Ok, so now that I have that out, I'm doing my daily commute to work on this 4300, and it's great so far. It's only a 15 minute ride 1 way, and I think it'll work out to like 15 miles total for the 4 trips (home for lunch, yay), as per my little $9 Bell trip computer thingy. The problem I have is the roads I take have a lot of expansion issues. This city has a old time exposed aggregate concrete from the 1920's as the base, with pavement above, so naturally there's expansion issues to the tune of about 1" of rise, and these hit about every 40' and hit my behind pretty hard.

    I've been looking at the Thudbusters, but they only go up to 250, so I was curious if there was something similar that could up that a bit to 280, or is that 250 just a "recommended" type thing where it's not going to be a big issue? I'm hoping the 30 lbs will come off fairly quickly, as along with the biking I get free gym membership where my wife teaches, which is a block from home as well. Is it something where it would just make more sense to wait the weight off, or go ahead and get it knowing I'm "out of spec"?

    1 big benefit I've found with a bike commute that I've yet to see mentioned: you definitely don't feel a crave for an impulse purchase at the local CrapDonalds or wherever. For me it would be a 20 minute round trip in the wrong direction to go snag lunch away from home, so it's a nice way to force a diet.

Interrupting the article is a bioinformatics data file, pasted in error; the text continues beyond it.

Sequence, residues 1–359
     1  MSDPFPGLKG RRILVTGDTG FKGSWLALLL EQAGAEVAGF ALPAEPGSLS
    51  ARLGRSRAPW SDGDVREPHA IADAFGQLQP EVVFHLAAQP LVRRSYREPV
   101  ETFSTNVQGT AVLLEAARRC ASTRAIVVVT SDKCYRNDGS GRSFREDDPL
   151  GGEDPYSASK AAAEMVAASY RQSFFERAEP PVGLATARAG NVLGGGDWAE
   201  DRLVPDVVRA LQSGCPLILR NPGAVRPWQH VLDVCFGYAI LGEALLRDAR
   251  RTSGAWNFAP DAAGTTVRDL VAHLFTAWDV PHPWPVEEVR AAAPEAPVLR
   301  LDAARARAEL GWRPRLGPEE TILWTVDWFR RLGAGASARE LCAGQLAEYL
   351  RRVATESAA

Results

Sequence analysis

Lastly, I plan to train up and retry that German Ridge path, with a camel pack for both of us. Despite the despair I had during that trip, I was very happy with myself that I completed it under the circumstances. My wife regularly runs 6 miles, and she said it kicked her butt as well, so she was impressed that I made it.

  2. #2
    29 some of the time...
    Reputation: AL29er's Avatar
    Join Date
    Jan 2004
    Posts
    4,945
    Nothing like a bit of self flagellation to really set the hobby ablaze
    More than a decade into this hobby and I still find the need to do stupid stuff like ride too far with too little water.

    At your weight a suspension post is a tall order. The Cane Creek is the only one I would trust, but they do not make stiff enough elastomers for you. You could try a casual comfort post. They usually have less travel, 1-1.5in, and a spring that can be set fairly stiff.
    Here's one
    Another


    Here are the suspension post reviews. Gives you an idea of what is out there. Only caveat is that some of the companies no longer make them (White Brothers, Rockshox).

    USE makes some nice posts, but I don't see an weight specs on their site. They aren't cheap either, inline with the Cane Creek I guess.
    Quote Originally Posted by saturnine
    that's the stupidest idea this side of pinkbike.

  3. #3
    mtbr member
    Reputation:
    Join Date
    May 2009
    Posts
    125
    I have read a lot of reviews on here about the Thudbuster, I was 255 at one point and a lot of riders have used them over 275 with great results. I havent bought one yet but I plan to soon.

Posting Permissions

  • You may not post new threads
  • You may not post replies
  • You may not post attachments
  • You may not edit your posts
  •